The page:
Adorno’s moniker is “Blessed Hands” because of his natural power in both hands. He showed that Friday night as he took out the normally durable Damian Sosa (who had never been stopped in 11 previous professional outings) in two rounds with a clear display of how much power he has.
In the first frame he sent Sosa to the canvas with his vaunted left hook, and then, in the second round, he caught Sosa coming in with a counter right hand that nearly sent Sosa through the ropes face first. After that punch, the fight was waved off.
“I just moved up in weight to 135, I took a fight with a guy that fights at 147, 140, so it was a great statement and my hands do the work, and it speaks for itself,” said Adorno, who improved to 14-0 (12 KOs). He also understands that his journey is now just beginning.
“I’m only 20 years old,” he said. “So I’m only taking baby steps. I want to take my career as long as I can go. It’s not a race, it’s a marathon.”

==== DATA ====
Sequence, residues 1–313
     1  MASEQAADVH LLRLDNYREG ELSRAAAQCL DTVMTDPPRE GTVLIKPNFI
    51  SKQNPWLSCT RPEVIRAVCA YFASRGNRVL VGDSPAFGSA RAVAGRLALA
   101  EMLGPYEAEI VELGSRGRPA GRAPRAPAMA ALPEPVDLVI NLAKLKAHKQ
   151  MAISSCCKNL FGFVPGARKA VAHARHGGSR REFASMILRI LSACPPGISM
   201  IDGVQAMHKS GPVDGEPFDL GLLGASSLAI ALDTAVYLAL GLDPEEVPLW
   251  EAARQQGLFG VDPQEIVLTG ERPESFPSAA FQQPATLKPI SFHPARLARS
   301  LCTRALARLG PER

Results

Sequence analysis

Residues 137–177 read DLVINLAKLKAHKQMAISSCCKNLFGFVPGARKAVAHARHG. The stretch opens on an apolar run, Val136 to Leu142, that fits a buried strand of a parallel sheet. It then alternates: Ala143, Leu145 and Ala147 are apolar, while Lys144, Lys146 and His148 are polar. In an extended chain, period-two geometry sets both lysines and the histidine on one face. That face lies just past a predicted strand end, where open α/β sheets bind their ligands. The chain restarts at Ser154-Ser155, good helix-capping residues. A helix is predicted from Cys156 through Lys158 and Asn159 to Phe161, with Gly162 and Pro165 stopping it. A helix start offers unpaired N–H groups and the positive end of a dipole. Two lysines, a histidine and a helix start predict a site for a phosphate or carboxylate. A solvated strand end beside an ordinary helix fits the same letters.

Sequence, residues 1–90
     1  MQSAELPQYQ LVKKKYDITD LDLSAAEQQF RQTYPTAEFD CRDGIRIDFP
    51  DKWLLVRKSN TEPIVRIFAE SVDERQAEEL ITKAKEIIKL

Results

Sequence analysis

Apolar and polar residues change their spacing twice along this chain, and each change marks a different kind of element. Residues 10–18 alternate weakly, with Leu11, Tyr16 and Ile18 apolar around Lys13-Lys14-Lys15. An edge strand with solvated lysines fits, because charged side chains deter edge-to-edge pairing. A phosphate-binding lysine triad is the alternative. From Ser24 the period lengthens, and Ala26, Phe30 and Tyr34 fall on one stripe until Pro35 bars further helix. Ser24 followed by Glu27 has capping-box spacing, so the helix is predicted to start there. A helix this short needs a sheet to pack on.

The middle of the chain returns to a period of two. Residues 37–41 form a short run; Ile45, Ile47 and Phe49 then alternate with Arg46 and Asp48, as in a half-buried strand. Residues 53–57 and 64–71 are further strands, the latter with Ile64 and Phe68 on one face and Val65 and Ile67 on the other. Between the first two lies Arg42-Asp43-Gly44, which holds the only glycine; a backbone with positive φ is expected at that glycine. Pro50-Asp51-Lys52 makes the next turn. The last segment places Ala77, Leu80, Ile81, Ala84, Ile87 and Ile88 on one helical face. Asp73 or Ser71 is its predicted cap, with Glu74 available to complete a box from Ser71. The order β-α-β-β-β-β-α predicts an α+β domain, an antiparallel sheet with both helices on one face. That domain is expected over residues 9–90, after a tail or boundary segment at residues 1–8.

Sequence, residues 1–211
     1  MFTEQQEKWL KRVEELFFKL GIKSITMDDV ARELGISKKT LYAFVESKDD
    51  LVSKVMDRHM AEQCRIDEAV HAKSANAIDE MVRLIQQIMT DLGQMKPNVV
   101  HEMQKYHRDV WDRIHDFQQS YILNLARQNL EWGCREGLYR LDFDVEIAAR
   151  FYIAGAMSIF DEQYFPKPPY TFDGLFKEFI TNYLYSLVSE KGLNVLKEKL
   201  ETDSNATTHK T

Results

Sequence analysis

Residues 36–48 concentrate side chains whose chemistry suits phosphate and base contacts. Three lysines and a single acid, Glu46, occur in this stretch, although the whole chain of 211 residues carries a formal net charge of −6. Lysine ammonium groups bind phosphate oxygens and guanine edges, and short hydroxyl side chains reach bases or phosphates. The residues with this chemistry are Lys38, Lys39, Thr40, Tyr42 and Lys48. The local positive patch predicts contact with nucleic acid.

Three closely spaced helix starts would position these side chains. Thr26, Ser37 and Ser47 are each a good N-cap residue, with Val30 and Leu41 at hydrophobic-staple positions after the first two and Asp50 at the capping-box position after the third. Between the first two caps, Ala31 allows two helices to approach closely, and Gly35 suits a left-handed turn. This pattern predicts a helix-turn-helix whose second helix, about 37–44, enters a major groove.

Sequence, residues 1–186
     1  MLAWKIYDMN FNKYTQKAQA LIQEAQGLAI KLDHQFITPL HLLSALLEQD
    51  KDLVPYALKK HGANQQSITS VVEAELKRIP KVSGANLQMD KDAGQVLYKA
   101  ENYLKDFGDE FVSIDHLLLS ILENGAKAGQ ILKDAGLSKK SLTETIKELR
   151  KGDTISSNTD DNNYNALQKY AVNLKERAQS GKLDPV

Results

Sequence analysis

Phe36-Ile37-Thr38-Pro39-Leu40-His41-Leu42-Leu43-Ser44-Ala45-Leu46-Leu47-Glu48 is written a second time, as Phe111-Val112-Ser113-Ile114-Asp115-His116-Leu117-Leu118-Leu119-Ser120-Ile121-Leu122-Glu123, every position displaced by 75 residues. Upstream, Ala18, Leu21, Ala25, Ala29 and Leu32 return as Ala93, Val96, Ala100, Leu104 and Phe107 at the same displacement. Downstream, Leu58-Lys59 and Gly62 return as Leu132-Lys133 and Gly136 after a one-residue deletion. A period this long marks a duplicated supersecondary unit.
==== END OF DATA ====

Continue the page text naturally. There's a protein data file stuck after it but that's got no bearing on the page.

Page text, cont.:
What was the biggest moment of the fight?
Rafael: Although Beterbiev broke through with three knockdowns in the 10th round to finish Gvozdyk, I thought the beginning of the end was in the ninth. Beterbiev had a huge round and it was very clear Gvozdyk was badly deteriorating. He took some massive right hands. He stayed on his feet, but it was clear he was wearing down. He also got creamed with an uppercut that did damage, and by the end of the ninth round, I thought Beterbiev would finish him in the 10th — and he did just that.
WBA light heavyweight Dmitry Bivol checks in
Bivol watched the Beterbiev-Gvozdyk fight in the early morning hours in Russia. Here’s what the WBA light heavyweight champion had to say, relayed through his manager, Vadim Kornilov.
“I thought Gvozdyk would have a bigger advantage in conditioning, and he started very good with movement, away from Beterbiev’s right hand,” Bivol said. “Beterbiev did well in going to the body mid-fight and breaking Gvozdyk down, slowing him down. It was a good fight; Beterbiev kept to his plan, and got the victory. Congratulations to him.”
Bivol, who is undefeated himself with a record of 17-0 (11 KOs), recently defeated Lenin Castillo in Chicago.